Searching over 5,500,000 cases.

Buy This Entire Record For $7.95

Download the entire decision to receive the complete text, official citation,
docket number, dissents and concurrences, and footnotes for this case.

Learn more about what you receive with purchase of this case.

Scherer v. Eli Lilly and Co.

United States District Court, E.D. Missouri, Eastern Division

March 17, 2015

ELAINE SCHERER, et al., Plaintiffs,
ELI LILLY AND COMPANY, et al., Defendants.


AUDREY G. FLEISSIG, District Judge.

This matter is before the Court on the motion of Plaintiffs to voluntarily dismiss Defendant Eli Lilly and Company ("Eli Lilly") without prejudice pursuant to Federal Rule of Civil Procedure 41(a)(2). Plaintiffs wish to have this pharmaceutical liability action dismissed so that they may refile in Indiana along with other similar cases. For the reasons stated below, Plaintiffs' motion will be granted.


Eli Lilly is a large pharmaceutical company which produces the drug Cymbalta, among others. Plaintiffs, husband and wife, filed this action on August 27, 2014, one of the first in a series of Cymbalta cases, alleging that Eli Lilly's promotional campaign deceived consumers by downplaying serious withdrawal-related side effects which often accompany discontinuation of the drug. Plaintiffs, Missouri citizens, allege that Plaintiff Elaine Scherer was prescribed Cymbalta for her depression, and after she stopped taking it she suffered severe physical and psychological symptoms. Plaintiffs state claims against Eli Lilly for negligence; strict products liability, for design defect and failure to warn; misrepresentation; fraud; breach of implied warranty; and violations of Indiana and Missouri's deceptive consumer sales acts. Plaintiffs also repeat these allegations against 50 John Doe Defendants. Eli Lilly filed its answer to Plaintiffs' complaint on January 1, 2015.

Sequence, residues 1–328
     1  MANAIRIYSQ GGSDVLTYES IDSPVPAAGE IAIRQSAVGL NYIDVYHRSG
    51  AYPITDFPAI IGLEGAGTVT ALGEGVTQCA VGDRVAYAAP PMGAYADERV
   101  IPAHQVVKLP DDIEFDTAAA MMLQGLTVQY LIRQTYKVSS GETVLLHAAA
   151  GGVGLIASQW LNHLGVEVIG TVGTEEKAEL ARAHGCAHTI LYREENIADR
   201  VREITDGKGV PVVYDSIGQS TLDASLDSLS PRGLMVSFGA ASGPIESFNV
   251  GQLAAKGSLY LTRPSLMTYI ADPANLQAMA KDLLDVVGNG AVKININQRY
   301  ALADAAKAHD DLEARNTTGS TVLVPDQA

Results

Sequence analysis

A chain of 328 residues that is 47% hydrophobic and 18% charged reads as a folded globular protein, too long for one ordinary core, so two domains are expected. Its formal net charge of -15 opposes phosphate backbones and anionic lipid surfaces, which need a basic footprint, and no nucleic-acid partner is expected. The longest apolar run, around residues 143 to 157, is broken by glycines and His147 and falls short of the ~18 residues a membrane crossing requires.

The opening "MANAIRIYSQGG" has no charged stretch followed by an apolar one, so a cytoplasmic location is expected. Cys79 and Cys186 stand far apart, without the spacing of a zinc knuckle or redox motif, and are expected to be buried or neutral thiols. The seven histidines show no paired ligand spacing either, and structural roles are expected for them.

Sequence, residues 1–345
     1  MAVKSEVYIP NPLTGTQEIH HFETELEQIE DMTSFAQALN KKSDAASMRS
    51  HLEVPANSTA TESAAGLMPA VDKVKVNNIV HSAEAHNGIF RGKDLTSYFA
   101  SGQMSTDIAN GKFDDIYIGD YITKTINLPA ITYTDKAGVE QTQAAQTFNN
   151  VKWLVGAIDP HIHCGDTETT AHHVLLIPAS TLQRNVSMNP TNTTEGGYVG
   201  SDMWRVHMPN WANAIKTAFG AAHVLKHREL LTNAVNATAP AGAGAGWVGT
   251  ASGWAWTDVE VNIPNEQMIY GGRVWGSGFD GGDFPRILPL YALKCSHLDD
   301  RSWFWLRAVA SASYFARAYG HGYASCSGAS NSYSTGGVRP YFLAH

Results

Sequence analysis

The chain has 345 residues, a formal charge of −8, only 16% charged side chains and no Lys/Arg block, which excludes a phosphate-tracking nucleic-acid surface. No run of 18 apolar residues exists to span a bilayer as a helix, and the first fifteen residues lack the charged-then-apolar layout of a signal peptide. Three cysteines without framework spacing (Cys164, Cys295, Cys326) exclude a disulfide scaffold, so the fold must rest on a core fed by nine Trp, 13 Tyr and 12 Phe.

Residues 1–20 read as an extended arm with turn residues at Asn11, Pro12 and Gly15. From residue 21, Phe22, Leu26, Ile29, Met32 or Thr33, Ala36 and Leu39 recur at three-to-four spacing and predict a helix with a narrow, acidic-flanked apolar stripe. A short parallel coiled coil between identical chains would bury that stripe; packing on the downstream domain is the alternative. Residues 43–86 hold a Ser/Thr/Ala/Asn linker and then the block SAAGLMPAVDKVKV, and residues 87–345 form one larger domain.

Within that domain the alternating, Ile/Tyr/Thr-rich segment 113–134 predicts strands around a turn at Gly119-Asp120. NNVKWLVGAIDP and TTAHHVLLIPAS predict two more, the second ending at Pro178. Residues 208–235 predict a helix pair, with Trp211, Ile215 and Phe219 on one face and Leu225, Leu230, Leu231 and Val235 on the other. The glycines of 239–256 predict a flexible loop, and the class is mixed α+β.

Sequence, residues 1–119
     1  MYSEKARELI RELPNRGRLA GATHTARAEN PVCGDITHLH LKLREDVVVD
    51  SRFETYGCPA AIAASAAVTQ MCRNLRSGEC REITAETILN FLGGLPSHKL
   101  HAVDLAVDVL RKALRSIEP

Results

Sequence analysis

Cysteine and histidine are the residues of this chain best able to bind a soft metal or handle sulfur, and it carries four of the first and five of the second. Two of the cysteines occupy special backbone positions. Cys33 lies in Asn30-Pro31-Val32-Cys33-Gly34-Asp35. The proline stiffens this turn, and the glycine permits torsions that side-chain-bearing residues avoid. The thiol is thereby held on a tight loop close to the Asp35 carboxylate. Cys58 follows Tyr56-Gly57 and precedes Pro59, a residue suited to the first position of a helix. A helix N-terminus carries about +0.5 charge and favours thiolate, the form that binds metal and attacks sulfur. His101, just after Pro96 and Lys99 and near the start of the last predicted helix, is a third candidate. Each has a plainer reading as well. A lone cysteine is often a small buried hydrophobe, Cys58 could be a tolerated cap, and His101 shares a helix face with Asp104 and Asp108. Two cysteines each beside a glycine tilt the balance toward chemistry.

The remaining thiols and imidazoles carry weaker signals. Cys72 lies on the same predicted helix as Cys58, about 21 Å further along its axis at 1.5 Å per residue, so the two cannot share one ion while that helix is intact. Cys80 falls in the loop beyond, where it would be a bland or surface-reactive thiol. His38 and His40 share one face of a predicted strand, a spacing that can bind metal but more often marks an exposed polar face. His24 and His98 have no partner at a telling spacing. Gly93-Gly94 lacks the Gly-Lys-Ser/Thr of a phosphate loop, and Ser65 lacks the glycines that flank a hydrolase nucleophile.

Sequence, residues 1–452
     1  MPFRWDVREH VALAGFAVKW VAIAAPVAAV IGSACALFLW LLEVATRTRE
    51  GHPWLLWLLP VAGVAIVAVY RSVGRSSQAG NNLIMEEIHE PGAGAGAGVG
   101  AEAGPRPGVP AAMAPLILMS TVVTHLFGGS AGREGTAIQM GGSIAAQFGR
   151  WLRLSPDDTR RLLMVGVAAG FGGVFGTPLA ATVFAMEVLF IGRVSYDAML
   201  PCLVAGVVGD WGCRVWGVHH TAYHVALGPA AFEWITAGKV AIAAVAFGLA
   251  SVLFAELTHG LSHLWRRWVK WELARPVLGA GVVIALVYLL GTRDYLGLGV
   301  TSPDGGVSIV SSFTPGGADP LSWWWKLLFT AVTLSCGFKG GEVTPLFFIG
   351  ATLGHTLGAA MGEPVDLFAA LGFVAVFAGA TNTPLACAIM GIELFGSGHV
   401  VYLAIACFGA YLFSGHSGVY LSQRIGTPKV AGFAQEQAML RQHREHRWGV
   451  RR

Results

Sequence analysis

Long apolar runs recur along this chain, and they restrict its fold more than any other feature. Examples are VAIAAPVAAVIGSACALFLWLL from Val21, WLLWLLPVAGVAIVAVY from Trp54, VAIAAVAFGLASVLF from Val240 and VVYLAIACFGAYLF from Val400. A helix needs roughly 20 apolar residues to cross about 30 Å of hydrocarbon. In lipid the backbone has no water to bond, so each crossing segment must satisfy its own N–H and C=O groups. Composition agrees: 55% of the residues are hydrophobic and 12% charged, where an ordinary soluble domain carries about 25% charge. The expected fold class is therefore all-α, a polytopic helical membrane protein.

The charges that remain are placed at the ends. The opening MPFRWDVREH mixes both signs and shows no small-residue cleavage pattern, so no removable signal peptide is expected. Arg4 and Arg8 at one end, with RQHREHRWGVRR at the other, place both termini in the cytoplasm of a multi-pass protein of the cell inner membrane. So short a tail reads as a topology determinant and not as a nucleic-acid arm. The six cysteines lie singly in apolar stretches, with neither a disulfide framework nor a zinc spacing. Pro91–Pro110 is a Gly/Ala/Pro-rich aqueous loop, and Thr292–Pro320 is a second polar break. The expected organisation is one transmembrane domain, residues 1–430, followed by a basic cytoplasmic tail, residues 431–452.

Prior to Eli Lilly's answer, two law firms representing plaintiffs in various Cymbalta cases filed motions pursuant to 28 U.S.C. § 1407 to consolidate 25 actions, including this case, and establish a multidistrict litigation ("MDL") for pretrial purposes. On December 10, 2014, the Judicial Panel on Multidistrict Litigation denied the motions to establish an MDL, and instead suggested that plaintiffs' counsels confer and coordinate informally.